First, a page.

The firm – spun out from the University of Edinburgh in 1984 and floated on the London Stock Exchange in 2003 – looks set to succumb to a 235p-a-share offer from Texas-based Cirrus Logic.
The offer is a 75.4 per cent premium on Monday’s closing price and Cirrus chief executive Jason Rhode said he had received widespread backing from Wolfson’s shareholders. The stock last night closed up 75 per cent at 234.5p.
“It’s a pretty high premium and reflects the fact [Wolfson’s] value to us is greater than what the team can accomplish on their own,” he said. “We’ve had a pretty overwhelming indication investors will be supportive.”
Rhode said the move strengthens his firm’s core business and adds new product categories such as specialist audio microphones known as “MEMS”.
Cirrus indicated the deal would allow it to save on research intended to catch up on audio technology. Its initial plans involve using Wolfson’s Edinburgh base, where about 280 people are employed, and a smaller Newbury design centre, as European development bases.
Rhode added: “This acquisition strengthens Cirrus Logic’s core business as a leader in audio signal processing components, enhances our ability to differentiate our products with software, and adds new product categories such as MEMS microphones to our portfolio.”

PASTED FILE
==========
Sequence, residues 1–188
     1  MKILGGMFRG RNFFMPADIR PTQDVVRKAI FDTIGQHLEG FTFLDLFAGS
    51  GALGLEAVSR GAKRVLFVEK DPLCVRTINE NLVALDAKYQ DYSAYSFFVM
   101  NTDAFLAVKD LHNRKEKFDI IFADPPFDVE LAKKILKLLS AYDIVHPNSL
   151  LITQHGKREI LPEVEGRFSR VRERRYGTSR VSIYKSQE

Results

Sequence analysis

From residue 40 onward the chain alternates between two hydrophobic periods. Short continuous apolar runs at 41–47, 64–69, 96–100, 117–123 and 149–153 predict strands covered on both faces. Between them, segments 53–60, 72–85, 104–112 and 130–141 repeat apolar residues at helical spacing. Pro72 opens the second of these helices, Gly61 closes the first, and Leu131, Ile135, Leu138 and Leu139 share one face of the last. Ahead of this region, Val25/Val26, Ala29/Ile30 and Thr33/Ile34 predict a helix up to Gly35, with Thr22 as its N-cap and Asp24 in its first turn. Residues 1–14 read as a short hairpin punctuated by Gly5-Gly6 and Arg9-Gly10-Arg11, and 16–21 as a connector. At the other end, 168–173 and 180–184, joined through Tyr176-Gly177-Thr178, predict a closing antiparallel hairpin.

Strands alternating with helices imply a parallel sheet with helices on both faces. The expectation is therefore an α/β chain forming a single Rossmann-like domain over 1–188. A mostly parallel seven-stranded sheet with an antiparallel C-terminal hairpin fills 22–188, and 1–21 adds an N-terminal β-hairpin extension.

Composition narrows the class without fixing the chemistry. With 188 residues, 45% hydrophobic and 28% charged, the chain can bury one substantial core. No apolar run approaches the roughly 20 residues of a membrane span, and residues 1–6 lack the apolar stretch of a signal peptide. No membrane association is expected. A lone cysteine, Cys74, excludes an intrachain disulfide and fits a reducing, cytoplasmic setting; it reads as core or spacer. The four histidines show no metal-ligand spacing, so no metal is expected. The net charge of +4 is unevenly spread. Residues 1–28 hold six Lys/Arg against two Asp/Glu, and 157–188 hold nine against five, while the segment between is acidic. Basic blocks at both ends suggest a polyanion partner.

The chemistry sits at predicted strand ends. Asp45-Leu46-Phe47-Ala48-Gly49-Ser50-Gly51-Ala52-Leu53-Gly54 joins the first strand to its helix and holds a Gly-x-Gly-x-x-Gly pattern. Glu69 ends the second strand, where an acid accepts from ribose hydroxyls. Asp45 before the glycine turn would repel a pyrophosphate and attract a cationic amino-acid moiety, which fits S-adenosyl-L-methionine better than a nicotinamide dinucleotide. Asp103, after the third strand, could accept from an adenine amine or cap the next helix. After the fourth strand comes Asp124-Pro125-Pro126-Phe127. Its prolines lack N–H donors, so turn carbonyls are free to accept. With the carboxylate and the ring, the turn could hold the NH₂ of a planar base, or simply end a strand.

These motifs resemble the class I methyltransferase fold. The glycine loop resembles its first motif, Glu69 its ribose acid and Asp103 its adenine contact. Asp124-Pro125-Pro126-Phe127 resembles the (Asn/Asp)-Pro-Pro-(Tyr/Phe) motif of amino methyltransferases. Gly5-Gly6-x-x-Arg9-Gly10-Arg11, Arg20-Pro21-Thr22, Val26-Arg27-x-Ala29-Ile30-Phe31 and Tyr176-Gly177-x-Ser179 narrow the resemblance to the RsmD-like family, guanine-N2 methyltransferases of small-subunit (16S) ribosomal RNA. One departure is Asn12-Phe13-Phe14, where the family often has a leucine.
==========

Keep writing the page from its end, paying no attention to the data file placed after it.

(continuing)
Wolfson employs some 420 staff, while Cirrus has 760. Cirrus warned the merger could result in the loss of between 7-10 per cent of the combined workforce in the 12 months from acquisition, as it seeks to save about £7m a year in costs.
The US firm expects an estimated 100 job losses in sales and corporate functions, rather than the enlarged group’s factories around the world. Wolfson’s chief executive Mike Hickey and finance boss Mark Cubitt will each stay on for up to a year to manage the integration process, and will receive bonuses of £500,000 and £250,000 respectively for their work on the deal providing it goes ahead.
Despite the strong reputation enjoyed by its products, Wolfson had been hit by a fall in orders due to fierce competition and the near-collapse of major customer BlackBerry.
Shares in Wolfson – which dropped to their lowest in nearly two years in February after it posted an underlying operating loss of $4.5m (£2.7m) for the final quarter of 2013 – rocketed to within a whisker of the offer price today.
In a trading update published alongside news of the offer, Wolfson said it had made a similar first-quarter loss of $4.5m and revenues had plunged to £28.8m, from £48.1m a year ago.
But Dan Ridsdale, analyst at Edison Investment Research, said Cirrus was getting a good deal. He said: “While [Wolfson’s] Q1 results were weak as expected, Cirrus is buying this business at a trading nadir and we believe a recovery in business, primarily at Samsung, should drive a strong recovery in H2.”